The pneumococcus is well known for being naturally transformable and indeed, exhibits high rates of homologous and nonhomologous recombination, which can vary quite markedly among strains [27,44]. Recombination plays a significant role in the movement and therefore distribution of accessory loci as well as the evolution of new strains, which, together with mutation, dictates population structure. However, the timescale over which recombination results in measurable changes to a population is unclear. In some instances, dramatic changes may occur rapidly, such as capsular switches that lead to the emergence of new strains [45]. In others, such as the movement of large mobile elements, the process may occur much slowly, as those elements have been found to be relatively stable within strains [27]. Of note, the strains included in the present study are estimated to have emerged, on average, 90 years ago, with the youngest strain (SC10) emerging around the introduction of PCV7 in the US (2010) [21]. Despite this seemingly long duration, the distribution of accessory loci within a strain is relatively uniform. Further, although recombination makes conventional phylogenetic analysis problematic, the methods we use to define strains [46] are not phylogenetic in nature, and we are not concerned with the details of the relationships between or within the strains, merely the definition of strains as a lineage of closely related bacteria that share characteristics of their core and accessory genomes.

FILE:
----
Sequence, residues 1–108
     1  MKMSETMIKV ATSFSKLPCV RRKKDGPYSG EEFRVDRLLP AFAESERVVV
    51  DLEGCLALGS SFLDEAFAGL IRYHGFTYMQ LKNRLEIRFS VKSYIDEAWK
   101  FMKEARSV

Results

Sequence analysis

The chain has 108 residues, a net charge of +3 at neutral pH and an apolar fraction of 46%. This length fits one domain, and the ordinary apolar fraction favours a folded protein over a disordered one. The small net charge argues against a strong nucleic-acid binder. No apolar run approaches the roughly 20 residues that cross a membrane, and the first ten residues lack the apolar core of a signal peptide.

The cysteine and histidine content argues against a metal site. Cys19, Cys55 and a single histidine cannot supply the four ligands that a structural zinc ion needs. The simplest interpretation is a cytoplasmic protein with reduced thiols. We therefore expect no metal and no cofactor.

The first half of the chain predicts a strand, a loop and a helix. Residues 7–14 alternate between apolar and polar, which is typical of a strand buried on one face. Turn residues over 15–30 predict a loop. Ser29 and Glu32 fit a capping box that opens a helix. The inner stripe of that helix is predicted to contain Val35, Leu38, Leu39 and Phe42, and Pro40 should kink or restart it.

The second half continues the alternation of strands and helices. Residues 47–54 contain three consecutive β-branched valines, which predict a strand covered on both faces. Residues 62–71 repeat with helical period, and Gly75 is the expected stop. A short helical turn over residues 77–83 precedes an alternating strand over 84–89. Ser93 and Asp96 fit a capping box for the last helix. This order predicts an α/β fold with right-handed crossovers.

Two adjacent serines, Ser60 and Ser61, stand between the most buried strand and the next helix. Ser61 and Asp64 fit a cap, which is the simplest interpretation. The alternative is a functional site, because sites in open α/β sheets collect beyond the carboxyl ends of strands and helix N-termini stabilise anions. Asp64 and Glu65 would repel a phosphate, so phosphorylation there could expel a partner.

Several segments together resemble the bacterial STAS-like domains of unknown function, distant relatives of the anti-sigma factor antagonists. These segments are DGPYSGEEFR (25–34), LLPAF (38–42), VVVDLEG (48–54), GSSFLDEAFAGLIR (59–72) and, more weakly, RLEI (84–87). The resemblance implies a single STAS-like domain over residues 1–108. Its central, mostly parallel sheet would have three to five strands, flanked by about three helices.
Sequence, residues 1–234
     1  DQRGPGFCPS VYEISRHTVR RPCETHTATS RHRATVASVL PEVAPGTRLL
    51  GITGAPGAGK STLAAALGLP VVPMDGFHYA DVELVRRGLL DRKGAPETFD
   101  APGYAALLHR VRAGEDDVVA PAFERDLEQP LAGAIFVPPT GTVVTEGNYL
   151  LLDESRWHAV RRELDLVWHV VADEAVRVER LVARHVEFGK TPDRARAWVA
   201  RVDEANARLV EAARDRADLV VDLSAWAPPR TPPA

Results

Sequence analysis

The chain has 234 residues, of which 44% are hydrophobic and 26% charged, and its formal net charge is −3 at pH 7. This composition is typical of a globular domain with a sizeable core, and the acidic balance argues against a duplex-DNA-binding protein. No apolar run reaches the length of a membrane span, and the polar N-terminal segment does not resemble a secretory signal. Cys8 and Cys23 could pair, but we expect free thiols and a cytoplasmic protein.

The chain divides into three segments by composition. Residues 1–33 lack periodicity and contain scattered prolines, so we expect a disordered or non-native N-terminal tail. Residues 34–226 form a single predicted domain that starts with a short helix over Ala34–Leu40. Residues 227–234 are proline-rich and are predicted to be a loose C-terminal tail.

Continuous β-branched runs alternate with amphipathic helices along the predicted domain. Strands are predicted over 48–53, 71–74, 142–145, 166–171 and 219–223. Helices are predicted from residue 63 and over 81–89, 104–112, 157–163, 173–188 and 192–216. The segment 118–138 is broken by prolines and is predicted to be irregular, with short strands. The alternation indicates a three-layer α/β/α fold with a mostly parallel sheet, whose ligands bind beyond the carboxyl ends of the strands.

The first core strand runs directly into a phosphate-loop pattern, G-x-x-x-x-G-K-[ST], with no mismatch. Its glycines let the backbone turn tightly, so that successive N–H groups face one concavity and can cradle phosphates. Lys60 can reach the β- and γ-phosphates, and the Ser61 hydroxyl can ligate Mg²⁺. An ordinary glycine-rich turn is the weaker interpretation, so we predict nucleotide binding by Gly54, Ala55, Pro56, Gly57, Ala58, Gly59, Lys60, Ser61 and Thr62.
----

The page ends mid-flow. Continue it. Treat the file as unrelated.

There are 2 primary ways in which NVT strains can fill the gap left in the population by vaccination, depending on their genomic relatedness to the removed PCV7 VT strains. First, NVT taxa that are closely related to VT strains in core and accessory genomes are opportune replacements and are therefore expected to be more successful than average following vaccination. There are 2 strains in our dataset that are examples of this, which both increased after vaccination (see SC-09 and SC-23 in Fig 1 and S1 Fig). We therefore expect that for any strain that contains both VT and NVT representatives, the NVT fraction will increase post-vaccine, especially because these NVT taxa are sometimes similar to their VT counterparts in terms of serotype properties such as capsule thickness and charge, which are independently correlated with prevalence [47,48]. A good example of this is the serotype 15B/C component of strain SC-26 of the Southwest US sample, which we now predict to be successful following the more recent introduction of a vaccine incorporating 6 additional serotypes (PCV13) and which has indeed been noted to be increasing in certain locations [4951]. Second, where such close relatives are not available, the pre-vaccine frequencies of accessory genes can be restored by other NVT that are divergent in core genomes but similar in accessory genomes. This association likely often results from the movement of mobile genetic elements (MGEs) in the population (e.g., phages and transposons) or nonhomologous recombination, which can make distantly related strains more similar in terms of genome content. As illustrated by the pairwise comparison of core/accessory genome divergence and absolute fitness difference of each strain (S3 Fig), there is an appreciable range of differences in fitness for strains that are equidistant in core and accessory genome divergence.